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ELECTRICITY FROM OCEAN CURRENTS

The oceans of the world constitute an important renewable energy source. There are various types of ocean energy. These include wave energy, hydrothermal energy, tidal energy and ocean current energy.

     

      Wave energy is really concentrated wind energy and can be used to produce electricity or be directly coupled to the drive of the prime mover, as in the case of wave-powered desalination. The Eastern Caribbean can be classified as a low to medium source of wave energy and there is significant potential along the eastern and northern coasts of the chain of  islands.

      

      Hydrothermal energy requires a significant temperature differenntial which is used to drive power plants similar to those used in steam power plants. It becomes feasible only where the sea is quite deep and hence has limited applications in the Caribbean area.

      

      Tidal energy arises from the gravitational pull of the sun and the moon and the tidal currents are used to drive a turbine to produce electric power. In the Caribbean area, tidal variations are not significantly high.

      

      Ocean currents are driven by wind and the heating, by the sun, of the waters near the equator. It may also occur from variations in water density and salinity.Some examples of ocean currents include the Gulf Stream, the Florida Straits current and the Guiana current which flows past T&T. Unlike tides and waves, ocean currents are relatively connstant and flow in one direction only and hence the complexity of design is reduced in that the input forces and flows are fairly constant.

      

      The very variable nature of renewable energy sources like solar, wind wave and tidal makes the system design difficult due to storage and matching requirements’ though these challenges are being overcome as solar and wind have become commercial technologies and there are several promising pilot projects in the lattter two.

      

      Ocean current energy technologies are being investigated in the USA, EU, Japan and China. The total worldwide power in Ocean currents has been estimated to be approximately 5,000 GW (gigawatts). One kilowatt is 1,000 watts. This can be viewed as the power required to light 1,000 hundred-watt bulbs. One megawatt is 1,000 kilowatts and one gigawatt is 1,000 megawatts, the equivalent of five trillion hundred-watt bulbs. To put this resource in further perspective: at a 40 per cent overall efficiency, this source of energy can provide each person in the world today with the energy to light up approximately 320 hundred -watt bulbs.

     

      Of course there are serious  issues to be resolved before largescale applications can be considered. These include the impact of such installations on marine ecology, maritime boundaries, shipping and fishing and the impact of slowing the ocean currents (due to energy extraction).

      

      Ocean current speeds are generally lower than wind speeds but the density of water is over 800 times that of air.  By way of example, the energy available in a 12 miles per ocean current is equivalent to that contained in wind blowing at 110 miles per hour (hurricane force wind). Unlike wind which varies in geography, magnitude and direction, ocean currents are relatively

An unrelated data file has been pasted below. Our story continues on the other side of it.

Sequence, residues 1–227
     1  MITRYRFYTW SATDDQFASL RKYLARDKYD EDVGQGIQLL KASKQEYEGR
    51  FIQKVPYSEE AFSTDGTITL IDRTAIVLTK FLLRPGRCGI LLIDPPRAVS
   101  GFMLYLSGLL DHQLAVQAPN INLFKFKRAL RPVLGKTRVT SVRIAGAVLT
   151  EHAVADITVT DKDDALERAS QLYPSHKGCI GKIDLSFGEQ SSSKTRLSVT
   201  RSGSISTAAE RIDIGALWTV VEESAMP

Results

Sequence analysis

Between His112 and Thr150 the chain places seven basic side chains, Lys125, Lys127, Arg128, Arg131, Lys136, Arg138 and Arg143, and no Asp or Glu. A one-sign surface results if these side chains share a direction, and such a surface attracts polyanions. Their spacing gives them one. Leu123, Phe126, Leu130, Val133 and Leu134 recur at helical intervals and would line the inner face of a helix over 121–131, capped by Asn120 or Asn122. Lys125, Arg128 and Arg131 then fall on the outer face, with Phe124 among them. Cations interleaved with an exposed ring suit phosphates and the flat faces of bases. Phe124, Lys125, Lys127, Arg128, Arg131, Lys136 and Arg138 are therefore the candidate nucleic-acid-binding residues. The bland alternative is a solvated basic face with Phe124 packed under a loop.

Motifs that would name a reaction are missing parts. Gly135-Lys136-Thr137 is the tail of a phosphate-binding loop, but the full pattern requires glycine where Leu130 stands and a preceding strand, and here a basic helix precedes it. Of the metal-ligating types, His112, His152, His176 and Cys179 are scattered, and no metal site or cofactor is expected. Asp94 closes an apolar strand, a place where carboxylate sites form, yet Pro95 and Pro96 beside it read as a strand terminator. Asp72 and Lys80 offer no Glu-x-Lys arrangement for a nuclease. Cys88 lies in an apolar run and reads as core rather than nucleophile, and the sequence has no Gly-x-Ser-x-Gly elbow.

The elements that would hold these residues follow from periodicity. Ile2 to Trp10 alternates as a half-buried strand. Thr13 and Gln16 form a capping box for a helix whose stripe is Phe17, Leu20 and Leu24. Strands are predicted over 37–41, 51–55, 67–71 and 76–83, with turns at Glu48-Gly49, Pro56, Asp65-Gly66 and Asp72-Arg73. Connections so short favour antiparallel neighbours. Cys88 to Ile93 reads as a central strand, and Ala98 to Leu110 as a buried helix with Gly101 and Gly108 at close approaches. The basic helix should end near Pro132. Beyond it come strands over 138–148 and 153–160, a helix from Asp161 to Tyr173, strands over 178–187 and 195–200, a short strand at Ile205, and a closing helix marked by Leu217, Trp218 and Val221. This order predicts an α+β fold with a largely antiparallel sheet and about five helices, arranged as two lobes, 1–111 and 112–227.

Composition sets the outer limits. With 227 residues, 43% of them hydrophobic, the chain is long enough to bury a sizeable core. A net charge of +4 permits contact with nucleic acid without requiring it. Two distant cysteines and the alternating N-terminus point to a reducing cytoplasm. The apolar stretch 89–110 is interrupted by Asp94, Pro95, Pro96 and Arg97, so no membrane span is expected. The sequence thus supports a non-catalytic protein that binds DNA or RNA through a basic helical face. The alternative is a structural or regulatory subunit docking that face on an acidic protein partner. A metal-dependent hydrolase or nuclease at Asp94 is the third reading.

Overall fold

THOUGHTS

. Ocean current is a large renewable energy resource available to T&T.

. A renewable energy policy needs to be developed that focuses on offshore renewable energy technologies.

. The expertise and resources to research and develop ocean current energy extraction technology is available locally.

constant in location, speed and direction which lead to a high capacity factor (capacity factor is the fraction of time the turbine is actively generating energy).

     

      Unlike windmills, for instance, and solar dishes the water turbines used to generate energy from the ocean currents are located below the surface of the water and hence have minimal visual impact and are significant1y less affected by hurricanes. T&T is directly in the path of the Guiana current which ranks as one of the most powerful ocean currrents in the world.The southern channel, between Trinidad and Venezuela, acts as a nozzle for the flow of the sea water (a nozzle increases the flow velociity; think garden hose nozzle) and this nozzle effect is enhanced by the outflow of the Orinoco River. The result is an increased speed of outf1ow into the Soldado area of the Gulf of Paria. This southwest Soldado area is thus an ideal area for the application of an ocean current extraction system.

      

      Several pilot projects are being considered worldwide including the Bahamas, which two years ago announced plans that it would purchase renewable energy to be generated from ocean currents.A 110 kilowatt prototype is to be deployed off the coast of South Korea. The experience and data obtained from this prototype will be used to inform a planned power station project that, in the medium term, will generate several hundreds of megawatts.  T&T is endowed with both finite petroleum and infinite renewable resources.

     

      Due to the limited (translated small) size of the land mass, it should pursue as a matter of policy the utilisation of offshore renewable technologies for power generration. Of course residential and special applications of wind and solar should also be pursued for direct residential applications. As ocean current teclnology is in its infancy, we have a wonderful opportunity to develop this techhnology as the commercial benefits are significant. We do have the necessary expertise and resources for this venture.

 

Prof Prakash Persad is the director of Swaha Inc



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